12/05/2012 10:29 am ET Updated Feb 04, 2013

When We Stand Out From the Crowd

I have been called many things throughout my life. At school, I quickly learned that if you stood out from the crowd, people would have an opinion about it. It was a threat to the group if you went your own way. So I became a master at blending in, while I slowly died inside.

As I went through my personal and spiritual development, I began to own my power and my views on life. And as I shined more and more clearly, more and more people began to form an opinion about me and my views.

It was very scary in the beginning. I'm the type of person who is not keen on conflict and discussions. I felt wrong and misunderstood when people talked badly about me. And I was deeply hurt when they gossiped behind my back.

I now understand that we mirror each other back and forth. All issues others may have with me or my opinions are about them. I'm mirroring something unbalanced in them, and the brighter my light shines the stronger I will mirror them back. How it all feels in me? That's my stuff to handle.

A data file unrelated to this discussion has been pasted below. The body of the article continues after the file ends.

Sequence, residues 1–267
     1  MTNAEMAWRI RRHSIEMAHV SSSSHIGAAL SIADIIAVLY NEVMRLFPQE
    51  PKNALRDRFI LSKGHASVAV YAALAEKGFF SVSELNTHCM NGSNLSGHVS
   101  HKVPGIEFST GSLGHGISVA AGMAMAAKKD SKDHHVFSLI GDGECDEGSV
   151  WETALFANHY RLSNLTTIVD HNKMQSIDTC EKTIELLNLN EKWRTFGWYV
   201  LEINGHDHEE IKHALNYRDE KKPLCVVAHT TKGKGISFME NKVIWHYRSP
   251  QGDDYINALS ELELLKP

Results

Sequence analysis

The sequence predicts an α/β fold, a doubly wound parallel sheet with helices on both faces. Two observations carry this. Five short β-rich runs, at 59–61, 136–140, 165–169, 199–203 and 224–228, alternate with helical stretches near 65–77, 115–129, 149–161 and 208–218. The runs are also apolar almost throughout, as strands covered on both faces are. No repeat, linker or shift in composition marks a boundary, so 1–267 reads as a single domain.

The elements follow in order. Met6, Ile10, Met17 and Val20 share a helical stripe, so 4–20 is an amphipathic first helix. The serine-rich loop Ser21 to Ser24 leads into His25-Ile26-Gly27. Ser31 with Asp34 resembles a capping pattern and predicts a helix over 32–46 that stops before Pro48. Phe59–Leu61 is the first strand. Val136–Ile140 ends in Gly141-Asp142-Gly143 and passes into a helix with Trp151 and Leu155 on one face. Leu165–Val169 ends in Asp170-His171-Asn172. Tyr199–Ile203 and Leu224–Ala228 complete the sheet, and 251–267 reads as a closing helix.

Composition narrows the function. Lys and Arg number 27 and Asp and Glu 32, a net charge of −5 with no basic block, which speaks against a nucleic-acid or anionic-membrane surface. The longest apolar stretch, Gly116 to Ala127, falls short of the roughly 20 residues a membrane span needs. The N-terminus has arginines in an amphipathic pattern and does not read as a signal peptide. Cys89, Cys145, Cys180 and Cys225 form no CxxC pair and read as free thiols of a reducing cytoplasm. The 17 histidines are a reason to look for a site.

I'm no longer afraid of making people angry. They can think what they want. As long as they don't expect me to agree with them. And as long as they don't take a patent on the truth.

In Australia they call the phenomenon "The Tall Poppy Syndrome." The fact that in groups there is a tradition for cutting down everything beyond the norm, because they are a threat for conformity and invite new thinking.

In reality we are all tall poppies. Many of us have just forgotten about that. And if we don't want to feel the pain in our playing small, it makes sense to cut ourselves or others down.

Every time I see a poppy, I send so much gratitude to the many people who through time have stood for something with great courage. Also, when their thinking was in great contrast to the opinion of the masses.

Those people inspire me deeply. And in periods where my own courage is vague, I remind myself of the tall poppies.

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